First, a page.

9k+ breakthrough (likely undercounted, data is self reported)
27% of 9k are asymptomatic
9% of 9k are hospitalized (29% of these were asymptomatic or hospitalized due to noncovid reasons)
1% of 9k are death (15% of deaths due to noncovid reasons)
​​​​​

Out of fully vaccination, ratio of people taking each type of vaccine :
54.6million people took pfizer
43.2million people took moderna
8.4million people took j&j
(This is just people completing the full dosage requirement. Some have completed it recently and need to wait the 14days before it's considered peak effective)

Last edited by paperwastage; May 6, 21 at 4:39 am
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Old May 6, 21, 9:04 am
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Sinovac is far less effective than other vaccines - itís closer to 50% at reducing symptomatic infections, 65% deaths.
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Old May 6, 21, 10:01 am
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Originally Posted by paperwastage View Post
95+million fully vaccinated
9k+ breakthrough (likely undercounted, data is self reported)
27% of 9k are asymptomatic
9% of 9k are hospitalized (29% of these were asymptomatic or hospitalized due to noncovid reasons)
1% of 9k are death (15% of deaths due to noncovid reasons)
​​​​​
Some simple arithmetic: 9,000 divided by 95,000,000 equals 0.0095% chance of getting covid after vaccination. Although this number seems very low, the important number is the chance of getting covid in a given period of time such as 1 year. If we assume that the average time since vaccination among this population of 95 million people is 1 month, then the chance of getting covid is about 0.11% in one year (0.0095 x 12). However, as more and more people in the whole population get vaccinated, that rate should go down because vaccinated people don't transmit the virus as easily as unvaccinated people.

Those numbers contrast strongly with what's going on in the Seychelles. According to Bloomberg, the population is 98,000 and there are 1,068 cases - nearly 1.1% of the population is positive for covid. That's the case even though 62.2% of the population is fully vaccinated with either Sinopharm (59% of vaccines) or Covishield (41%; Covishield is a version of the Astra-Zeneca vaccine produced in India). One third of the positive cases (around 356) are in vaccinated individuals, which means that the infection rate is 356 / (98,000 x 0.622) = 0.6%. Using the same equation, we can find the infection rate among non-vaccinated Seychellois: 712 / (98,000 x 0.378) = 1.9%. So the vaccines used in the Seychelles appear to be about 32% effective (0.6 / 1.9).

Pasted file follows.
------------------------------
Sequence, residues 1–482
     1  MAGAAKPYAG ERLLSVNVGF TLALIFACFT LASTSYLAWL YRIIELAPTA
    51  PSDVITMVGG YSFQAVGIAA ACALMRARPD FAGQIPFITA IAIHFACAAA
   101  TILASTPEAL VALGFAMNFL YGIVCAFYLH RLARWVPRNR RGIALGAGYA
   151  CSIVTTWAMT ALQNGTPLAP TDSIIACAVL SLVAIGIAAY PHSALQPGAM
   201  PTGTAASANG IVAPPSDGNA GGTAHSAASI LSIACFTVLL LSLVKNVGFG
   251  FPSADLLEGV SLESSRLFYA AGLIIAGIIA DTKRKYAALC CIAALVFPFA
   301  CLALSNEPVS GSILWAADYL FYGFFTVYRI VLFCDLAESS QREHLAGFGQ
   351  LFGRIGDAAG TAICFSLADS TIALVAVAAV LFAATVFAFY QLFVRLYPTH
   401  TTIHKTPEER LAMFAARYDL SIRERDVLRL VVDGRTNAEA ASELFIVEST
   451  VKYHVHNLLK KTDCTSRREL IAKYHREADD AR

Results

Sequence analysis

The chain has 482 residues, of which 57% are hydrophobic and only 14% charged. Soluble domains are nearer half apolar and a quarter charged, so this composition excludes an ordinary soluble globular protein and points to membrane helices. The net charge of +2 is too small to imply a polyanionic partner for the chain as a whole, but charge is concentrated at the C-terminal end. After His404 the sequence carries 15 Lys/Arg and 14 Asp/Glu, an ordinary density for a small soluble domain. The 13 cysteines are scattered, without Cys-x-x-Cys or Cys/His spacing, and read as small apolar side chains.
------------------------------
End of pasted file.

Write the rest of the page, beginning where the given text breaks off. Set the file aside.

[The strikethrough part is what I wrote originally, but it is wrong. The following is correct:] This means that 6 out of 1000 vaccinated people became positive for covid, whereas 19 out of 1000 non-vaccinated people became positive. So, 68% fewer vaccinated than non-vaccinated people were infected. This is about what we'd expect for the Sinopharm and AZ vaccines. There are simply going to be more breakthrough cases if the vaccine efficacy is 68% than if if it's 90+%. And in order to see the big drop in cases that, for instance, Israel saw when they hit a similar fraction (58%) of vaccinated people with the Pfizer vaccine, the Seychelles will have to vaccinate a larger fraction with these less efficacious vaccines to see a similar decline.

To summarize, as far as I can tell after having done the math correctly (thanks to RTWonSAT for correcting me!), there is nothing surprising or necessarily alarming about the Seychelles' high case numbers after vaccination.

These number are really concerning. We clearly can't simply conclude that "vaccines don't work" because the US data indicates that our vaccines do work against the variants that are here (vaccinated people here have a much lower infection rate than vaccinated people in the Seychelles). Why are the vaccines not working in the Seychelles? The Sinopharm vaccine is roughly 50% effective, and the Astra-Zeneca is better - but the common variants in the Seychelles may be ones that these vaccines don't work well against. Unfortunately there doesn't appear to be good data (at least publicly available) about what those variants are.

https://www.bloomberg.com/news/artic...as-cases-surge
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Last edited by snic; May 6, 21 at 7:51 pm Reason: Wrong math led to wrong conclusion. Corrected.